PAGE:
Investment giant Pimco has agreed to pay a nearly $20 million penalty to the U.S. Securities and Exchange Commission to settle charges that it misled investors about the performance of one of its earliest actively managed exchange-traded funds.
The charges stem from the firm’s Total Return ETF, a diversified bond portfolio managed by a team. After the ETF launched in 2012, it quickly garnered attention for outperforming Pimco’s flagship mutual fund, the Pimco Total Return Fund, in the first four months.
To boost the initial performance of that actively managed ETF, Pimco — which is based outside Los Angeles in Newport Beach and whose full name is Pacific Investment Management Co. — bought 156 smaller-size bonds, known in investment jargon as odd lots. But the firm overstated the value of 43 of those odd lots, which caused the fund to overvalue its portfolio and sell shares at prices that were not actually based on their net asset value, according to the SEC order.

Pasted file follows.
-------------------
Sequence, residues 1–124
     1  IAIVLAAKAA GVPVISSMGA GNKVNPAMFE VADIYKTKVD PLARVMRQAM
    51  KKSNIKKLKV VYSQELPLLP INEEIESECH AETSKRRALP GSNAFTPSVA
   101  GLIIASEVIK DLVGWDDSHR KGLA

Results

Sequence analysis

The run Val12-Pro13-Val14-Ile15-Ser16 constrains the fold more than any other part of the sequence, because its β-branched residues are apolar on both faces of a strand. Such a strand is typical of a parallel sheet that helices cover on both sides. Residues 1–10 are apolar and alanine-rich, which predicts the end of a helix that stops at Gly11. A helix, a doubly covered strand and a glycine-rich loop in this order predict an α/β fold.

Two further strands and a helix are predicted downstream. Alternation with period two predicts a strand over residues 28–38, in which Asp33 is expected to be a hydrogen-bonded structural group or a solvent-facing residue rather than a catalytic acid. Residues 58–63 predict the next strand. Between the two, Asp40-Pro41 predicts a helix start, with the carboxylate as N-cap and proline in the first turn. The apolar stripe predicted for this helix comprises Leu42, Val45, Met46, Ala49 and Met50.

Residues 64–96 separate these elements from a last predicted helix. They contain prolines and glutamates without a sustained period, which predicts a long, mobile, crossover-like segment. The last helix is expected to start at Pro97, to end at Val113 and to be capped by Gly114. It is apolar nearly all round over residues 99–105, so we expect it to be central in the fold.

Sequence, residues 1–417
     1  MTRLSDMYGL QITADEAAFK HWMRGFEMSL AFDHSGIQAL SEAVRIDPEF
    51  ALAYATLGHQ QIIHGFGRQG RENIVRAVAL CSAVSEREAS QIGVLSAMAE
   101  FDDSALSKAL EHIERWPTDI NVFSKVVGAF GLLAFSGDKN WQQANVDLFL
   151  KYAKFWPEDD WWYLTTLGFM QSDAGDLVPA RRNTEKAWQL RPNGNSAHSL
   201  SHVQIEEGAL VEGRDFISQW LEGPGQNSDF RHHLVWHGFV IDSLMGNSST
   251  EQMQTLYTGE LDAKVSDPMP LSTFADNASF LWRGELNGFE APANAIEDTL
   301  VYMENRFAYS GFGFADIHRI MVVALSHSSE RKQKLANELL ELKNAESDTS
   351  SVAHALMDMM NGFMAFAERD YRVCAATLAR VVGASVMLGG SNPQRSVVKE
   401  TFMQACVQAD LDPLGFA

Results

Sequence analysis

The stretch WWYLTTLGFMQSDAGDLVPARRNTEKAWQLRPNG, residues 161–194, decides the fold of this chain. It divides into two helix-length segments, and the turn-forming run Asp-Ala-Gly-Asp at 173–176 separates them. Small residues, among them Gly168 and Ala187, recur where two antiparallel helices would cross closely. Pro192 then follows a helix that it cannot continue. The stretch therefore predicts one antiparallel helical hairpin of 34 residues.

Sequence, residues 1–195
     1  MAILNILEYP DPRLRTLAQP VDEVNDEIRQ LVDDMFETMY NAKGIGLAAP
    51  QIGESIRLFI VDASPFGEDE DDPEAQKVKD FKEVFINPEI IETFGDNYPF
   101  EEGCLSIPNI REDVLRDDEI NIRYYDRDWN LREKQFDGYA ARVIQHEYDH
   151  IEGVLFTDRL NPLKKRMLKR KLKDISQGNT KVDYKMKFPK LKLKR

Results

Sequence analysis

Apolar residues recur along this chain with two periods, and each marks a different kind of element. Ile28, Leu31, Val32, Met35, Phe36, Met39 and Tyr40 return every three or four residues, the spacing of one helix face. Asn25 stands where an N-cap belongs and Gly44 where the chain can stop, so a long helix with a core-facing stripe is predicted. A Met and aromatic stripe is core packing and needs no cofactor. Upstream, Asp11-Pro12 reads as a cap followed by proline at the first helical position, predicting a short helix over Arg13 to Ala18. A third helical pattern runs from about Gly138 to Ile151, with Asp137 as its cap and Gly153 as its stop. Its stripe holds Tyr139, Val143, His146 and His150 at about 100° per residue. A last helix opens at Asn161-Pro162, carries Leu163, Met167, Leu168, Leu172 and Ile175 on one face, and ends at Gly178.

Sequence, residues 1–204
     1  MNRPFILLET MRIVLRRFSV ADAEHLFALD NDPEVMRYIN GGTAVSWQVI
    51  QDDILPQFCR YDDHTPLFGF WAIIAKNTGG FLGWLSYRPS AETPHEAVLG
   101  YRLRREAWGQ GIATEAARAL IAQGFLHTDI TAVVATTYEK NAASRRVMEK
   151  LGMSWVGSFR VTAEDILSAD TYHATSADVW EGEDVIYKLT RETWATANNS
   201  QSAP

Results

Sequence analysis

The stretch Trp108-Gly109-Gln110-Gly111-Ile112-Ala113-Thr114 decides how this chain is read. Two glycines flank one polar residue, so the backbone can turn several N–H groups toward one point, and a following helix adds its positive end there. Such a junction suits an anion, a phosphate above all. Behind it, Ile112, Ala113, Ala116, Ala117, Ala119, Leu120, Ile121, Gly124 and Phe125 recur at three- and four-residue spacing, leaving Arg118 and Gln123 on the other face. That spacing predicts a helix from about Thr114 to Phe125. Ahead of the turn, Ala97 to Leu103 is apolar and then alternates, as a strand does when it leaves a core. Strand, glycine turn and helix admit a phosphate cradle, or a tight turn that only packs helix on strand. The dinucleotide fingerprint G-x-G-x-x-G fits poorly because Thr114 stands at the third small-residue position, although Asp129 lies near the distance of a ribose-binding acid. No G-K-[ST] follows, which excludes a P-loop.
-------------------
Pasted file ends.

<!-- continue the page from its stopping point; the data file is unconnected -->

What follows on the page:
Pimco provided “other, misleading reasons” for the fund’s early success in monthly and annual reports to investors, and it did not disclose that its odd lot strategy was not sustainable as the fund grew, according to the SEC order.
“Investment advisors must accurately describe the significant sources of performance and the strategies being used,” Andrew Ceresney, director of the SEC’s division of enforcement, said in a statement.
Pimco said it was “pleased to have resolved” the matter with the SEC and “is committed to conducting its business in a manner that meets or exceeds the expectations of its regulators.”
The firm agreed to the order but did not admit or deny the findings of the investigation, according to the SEC.
As part of the settlement, Pimco will pay $1.3 million — the amount it made in management fees for the fund for the four-month period — and $198,000 of interest, as well as a $18.3 million civil penalty. The money will go into the U.S. Treasury. The SEC order also included a cease-and-desist order to prevent Pimco from committing any of those those violations.
The firm also must hire an independent compliance consultant who is approved by the SEC but paid for by Pimco. That consultant will review the company’s policies and procedures related to odd lots, and will submit a report with findings and recommendations to both Pimco and the SEC. Pimco will be required to adopt the recommendations that the consultant and SEC deem necessary.